What will the blog include?

At the outset, Health Affairs plans to experiment with the blog. Some posts will be clustered around a hot topic. Some will be one-time postings on news items of current interest. Linking and interactivity will be key. Both staff editors and outside experts will be contributing original items to the blog. The staff-written posts will be context-setting rather than opinion-based and will point to timely information both within the journal and from other sources. This is an extension of our introductory “Prologues” that we have published in the journal since 1981.

With the posts from health policy experts, our goal is to offer a range of views, not to push a particular agenda. Just as nonpartisanship is the hallmark of the journal, so it will be with the blog. While individual commentators may present strong viewpoints and all readers are welcome to comment, we ask that everyone keep this cordial and productive.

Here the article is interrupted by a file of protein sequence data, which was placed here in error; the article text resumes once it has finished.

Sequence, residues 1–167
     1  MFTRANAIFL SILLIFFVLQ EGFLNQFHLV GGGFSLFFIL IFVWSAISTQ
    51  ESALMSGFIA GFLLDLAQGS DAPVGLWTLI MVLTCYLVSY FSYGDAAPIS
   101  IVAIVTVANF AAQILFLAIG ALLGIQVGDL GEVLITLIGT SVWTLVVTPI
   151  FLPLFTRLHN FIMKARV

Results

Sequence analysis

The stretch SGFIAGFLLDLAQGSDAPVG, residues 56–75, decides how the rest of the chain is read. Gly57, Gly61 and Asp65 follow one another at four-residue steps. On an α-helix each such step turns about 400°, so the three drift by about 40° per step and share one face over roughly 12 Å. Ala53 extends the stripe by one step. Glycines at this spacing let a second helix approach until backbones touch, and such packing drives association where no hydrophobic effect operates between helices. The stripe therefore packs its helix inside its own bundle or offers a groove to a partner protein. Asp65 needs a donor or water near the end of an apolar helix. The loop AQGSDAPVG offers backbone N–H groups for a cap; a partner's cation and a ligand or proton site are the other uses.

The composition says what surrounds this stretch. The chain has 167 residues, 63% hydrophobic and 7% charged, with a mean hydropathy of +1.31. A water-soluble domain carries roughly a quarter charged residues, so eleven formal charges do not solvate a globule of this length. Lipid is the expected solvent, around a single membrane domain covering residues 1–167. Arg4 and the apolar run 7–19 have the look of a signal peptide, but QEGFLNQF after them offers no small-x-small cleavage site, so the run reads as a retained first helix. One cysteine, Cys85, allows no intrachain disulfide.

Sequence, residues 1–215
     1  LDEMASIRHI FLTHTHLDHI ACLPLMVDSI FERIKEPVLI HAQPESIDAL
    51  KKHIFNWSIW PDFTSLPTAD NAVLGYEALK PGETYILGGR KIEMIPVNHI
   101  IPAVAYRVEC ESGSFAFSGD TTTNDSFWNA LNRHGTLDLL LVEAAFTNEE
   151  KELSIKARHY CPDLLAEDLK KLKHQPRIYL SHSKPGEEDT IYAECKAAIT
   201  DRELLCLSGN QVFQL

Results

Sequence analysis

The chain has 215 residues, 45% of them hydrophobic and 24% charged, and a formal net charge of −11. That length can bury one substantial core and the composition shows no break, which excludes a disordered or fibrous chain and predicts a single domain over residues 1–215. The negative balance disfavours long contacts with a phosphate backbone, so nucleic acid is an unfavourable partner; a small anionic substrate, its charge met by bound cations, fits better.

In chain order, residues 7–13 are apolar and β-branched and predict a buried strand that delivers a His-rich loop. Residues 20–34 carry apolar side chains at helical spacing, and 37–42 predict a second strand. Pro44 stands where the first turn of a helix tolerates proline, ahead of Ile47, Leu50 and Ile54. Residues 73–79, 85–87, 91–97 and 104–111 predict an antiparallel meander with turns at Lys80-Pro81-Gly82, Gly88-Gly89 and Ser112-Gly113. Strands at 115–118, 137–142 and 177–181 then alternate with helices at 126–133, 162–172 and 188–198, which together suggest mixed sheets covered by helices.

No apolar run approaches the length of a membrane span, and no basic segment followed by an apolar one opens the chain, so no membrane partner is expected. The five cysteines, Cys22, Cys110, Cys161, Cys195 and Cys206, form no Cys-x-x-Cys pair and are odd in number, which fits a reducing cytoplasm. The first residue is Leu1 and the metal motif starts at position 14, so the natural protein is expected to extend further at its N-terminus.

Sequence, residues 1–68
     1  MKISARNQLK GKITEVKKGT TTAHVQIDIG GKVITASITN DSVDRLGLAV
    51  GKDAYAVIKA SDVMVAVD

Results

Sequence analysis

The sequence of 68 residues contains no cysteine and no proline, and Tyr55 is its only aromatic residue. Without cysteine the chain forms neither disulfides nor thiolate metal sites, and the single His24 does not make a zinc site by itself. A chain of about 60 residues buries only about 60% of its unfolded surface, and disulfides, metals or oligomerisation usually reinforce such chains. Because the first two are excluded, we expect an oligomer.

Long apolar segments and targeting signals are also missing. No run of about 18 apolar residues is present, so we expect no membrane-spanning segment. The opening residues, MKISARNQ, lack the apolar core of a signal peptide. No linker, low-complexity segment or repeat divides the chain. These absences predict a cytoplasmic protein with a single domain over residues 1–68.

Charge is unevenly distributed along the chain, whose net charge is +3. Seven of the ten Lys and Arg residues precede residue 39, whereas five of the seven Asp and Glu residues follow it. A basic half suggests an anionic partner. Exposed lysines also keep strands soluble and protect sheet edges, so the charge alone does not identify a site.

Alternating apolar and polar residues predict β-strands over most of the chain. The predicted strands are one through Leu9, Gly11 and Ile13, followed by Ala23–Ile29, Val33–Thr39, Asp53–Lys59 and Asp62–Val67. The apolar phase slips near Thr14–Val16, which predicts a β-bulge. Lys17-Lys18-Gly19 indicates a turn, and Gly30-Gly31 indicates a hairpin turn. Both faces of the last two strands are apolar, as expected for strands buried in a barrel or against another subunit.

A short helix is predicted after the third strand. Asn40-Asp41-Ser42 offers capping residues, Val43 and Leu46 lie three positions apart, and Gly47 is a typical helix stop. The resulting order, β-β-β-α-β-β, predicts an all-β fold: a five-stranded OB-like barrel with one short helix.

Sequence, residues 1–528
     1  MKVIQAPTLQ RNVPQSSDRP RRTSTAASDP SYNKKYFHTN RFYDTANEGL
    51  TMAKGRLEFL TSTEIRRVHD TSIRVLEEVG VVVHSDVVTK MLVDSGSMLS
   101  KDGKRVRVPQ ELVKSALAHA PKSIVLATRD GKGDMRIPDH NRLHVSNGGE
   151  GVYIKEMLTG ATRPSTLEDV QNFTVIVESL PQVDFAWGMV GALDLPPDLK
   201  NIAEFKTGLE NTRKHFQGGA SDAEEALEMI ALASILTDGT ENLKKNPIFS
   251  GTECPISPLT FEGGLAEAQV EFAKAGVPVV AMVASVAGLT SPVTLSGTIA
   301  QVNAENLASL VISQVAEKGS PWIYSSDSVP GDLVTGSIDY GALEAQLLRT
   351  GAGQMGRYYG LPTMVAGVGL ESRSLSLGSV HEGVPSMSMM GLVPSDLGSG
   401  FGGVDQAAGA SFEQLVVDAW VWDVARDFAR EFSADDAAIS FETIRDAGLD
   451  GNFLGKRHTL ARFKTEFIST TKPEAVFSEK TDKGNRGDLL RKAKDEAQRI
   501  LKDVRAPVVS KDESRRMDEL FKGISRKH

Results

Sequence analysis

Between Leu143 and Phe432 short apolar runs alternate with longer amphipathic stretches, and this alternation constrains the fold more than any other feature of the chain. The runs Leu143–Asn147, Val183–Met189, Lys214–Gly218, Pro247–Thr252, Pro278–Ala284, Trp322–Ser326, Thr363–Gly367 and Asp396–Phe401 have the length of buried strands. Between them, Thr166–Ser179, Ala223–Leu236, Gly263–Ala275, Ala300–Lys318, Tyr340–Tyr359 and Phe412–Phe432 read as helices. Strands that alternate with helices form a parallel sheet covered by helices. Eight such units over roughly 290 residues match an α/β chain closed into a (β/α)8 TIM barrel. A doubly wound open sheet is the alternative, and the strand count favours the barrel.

New content will be posted on the blog at least weekly. We encourage you to sign up for e-mail alerts or an RSS feed to be alerted when new content is posted at For more details about Health Affairs’ blog, see our page About the Blog. Come join us in this new venture, and let us know how we are doing.

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8 Responses to “Why Health Affairs Is Launching A Blog”

  1. Nancy Sharp Says:

    Congratulations on the launch of this forum — adding an interactive vehicle for healthy debate among health professionals who care deeply about public policy. We NEED this venue ! As a supporter of the 140,000 nurse practitioners in the health care system, I will encourage some (not all !) of them to join the discussions here. Thank you for your visionary leadership !

  2. John Haughton Says:

    Congratulations on creating an interactive forum. Healthcare improvement moves quickly, now so to can information and discussion!

  3. fredericjones Says:

    It is my hope that we can have an exchange on the provision of medical services to the indigent populations of the US. We have a large and much underutilized population of “retired” health professionals that could make a major contributuion to maintaining health of our uninsured and indigent populations. How can we organize on more than a local basis? Moreover, how can we overcome barriers such as state medical and nursing licensing boards, liability and pharmaceutical and diagnostic testing support.